Use: General, Evening
Required Resources: SATB choir
The Greek hymn Phos hilaron first appears in the Apostolic Constitutions, which was written in the late 3rd or early 4th century.
Meant to be sung at the lighting of lamps in the evening, it is sometimes called the "Lamp-lighting Hymn."
Saint Basil the Great (329-379 AD) spoke of this hymn, considered old even in his day, as a cherished traditional song of the church.
At that time in Jerusalem, a lamp was kept burning in the empty tomb of Christ, a symbol of the living light of Jesus.
As Christians gathered to worship, the hymn was sung and a candle lit from the lamp was brought forth from the tomb, its bright, solitary flame calling the Church to celebrate the Risen Lord.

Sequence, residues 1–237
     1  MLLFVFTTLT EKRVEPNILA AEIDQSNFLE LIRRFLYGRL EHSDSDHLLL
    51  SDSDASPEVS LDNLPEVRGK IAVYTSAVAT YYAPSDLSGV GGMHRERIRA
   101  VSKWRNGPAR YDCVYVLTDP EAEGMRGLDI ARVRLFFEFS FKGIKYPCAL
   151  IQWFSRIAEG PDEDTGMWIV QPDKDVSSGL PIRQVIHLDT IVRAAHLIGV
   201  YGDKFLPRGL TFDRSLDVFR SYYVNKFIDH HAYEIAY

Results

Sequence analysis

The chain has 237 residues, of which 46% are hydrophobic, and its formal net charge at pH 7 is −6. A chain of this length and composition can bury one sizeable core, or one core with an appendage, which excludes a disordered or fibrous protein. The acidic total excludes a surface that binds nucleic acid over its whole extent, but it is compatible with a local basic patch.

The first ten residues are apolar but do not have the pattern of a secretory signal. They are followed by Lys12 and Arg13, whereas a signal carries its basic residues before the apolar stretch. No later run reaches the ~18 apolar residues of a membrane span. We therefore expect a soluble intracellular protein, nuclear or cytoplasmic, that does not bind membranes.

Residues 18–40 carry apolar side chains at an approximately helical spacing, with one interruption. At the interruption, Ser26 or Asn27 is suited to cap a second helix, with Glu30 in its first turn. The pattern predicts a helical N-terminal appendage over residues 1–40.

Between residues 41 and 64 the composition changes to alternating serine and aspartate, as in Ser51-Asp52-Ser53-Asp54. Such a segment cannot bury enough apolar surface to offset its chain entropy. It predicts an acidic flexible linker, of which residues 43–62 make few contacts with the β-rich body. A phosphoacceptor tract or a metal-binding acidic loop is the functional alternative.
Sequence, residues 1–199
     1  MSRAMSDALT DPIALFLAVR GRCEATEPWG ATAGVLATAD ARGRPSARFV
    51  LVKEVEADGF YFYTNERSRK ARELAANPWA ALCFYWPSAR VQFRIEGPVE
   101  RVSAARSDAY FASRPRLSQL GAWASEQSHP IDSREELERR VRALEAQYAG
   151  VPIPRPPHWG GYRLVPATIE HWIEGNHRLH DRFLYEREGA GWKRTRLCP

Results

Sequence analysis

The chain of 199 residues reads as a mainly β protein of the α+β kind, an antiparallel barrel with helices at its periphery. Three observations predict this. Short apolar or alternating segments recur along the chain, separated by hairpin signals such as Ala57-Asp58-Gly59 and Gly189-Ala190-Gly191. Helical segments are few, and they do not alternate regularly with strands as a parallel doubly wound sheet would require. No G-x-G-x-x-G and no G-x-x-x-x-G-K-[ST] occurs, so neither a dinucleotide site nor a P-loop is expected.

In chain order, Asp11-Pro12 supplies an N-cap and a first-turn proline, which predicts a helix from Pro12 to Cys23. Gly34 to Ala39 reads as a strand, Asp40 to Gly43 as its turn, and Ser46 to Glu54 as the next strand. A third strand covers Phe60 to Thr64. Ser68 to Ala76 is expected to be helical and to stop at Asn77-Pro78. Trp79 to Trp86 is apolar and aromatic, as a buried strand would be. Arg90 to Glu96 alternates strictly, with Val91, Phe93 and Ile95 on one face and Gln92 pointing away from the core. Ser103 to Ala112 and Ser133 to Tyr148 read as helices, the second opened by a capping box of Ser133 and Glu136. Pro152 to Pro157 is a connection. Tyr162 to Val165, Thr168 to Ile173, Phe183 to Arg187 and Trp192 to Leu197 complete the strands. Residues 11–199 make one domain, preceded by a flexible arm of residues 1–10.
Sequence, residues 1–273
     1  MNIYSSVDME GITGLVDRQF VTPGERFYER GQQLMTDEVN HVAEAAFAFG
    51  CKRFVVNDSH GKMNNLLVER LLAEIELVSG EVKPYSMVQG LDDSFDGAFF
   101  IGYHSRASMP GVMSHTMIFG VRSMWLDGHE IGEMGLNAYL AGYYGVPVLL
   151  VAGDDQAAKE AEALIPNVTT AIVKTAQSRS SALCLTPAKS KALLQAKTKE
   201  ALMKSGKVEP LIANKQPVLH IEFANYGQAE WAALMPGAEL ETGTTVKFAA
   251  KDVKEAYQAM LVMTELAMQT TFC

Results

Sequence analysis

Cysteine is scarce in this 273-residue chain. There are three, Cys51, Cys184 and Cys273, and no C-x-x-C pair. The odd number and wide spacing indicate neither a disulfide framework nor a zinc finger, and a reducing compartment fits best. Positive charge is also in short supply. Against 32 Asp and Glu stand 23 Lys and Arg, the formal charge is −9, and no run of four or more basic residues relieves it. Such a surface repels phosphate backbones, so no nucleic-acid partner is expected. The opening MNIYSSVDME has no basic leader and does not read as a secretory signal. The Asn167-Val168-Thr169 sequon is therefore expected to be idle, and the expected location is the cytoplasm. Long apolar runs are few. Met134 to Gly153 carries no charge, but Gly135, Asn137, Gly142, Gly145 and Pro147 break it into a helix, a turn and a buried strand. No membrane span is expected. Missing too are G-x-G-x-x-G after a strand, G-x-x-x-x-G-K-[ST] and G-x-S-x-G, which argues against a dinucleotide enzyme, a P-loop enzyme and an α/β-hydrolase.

The bishop Saint Athenogenes (d.305 AD) is believed by some to have composed this hymn on his way to being martyred. On entering the flames, he sang the Phos hilaron in joy.
Jason Cole has set an English translation of the Greek hymn for SATB choir, a cappella.
In the first two-thirds of the work (in c minor) he deftly alternates unison passges with homophonic writing.
The conclusion is a G Major contrapuntal setting of the text, "and to be glorified through all the worlds. Amen."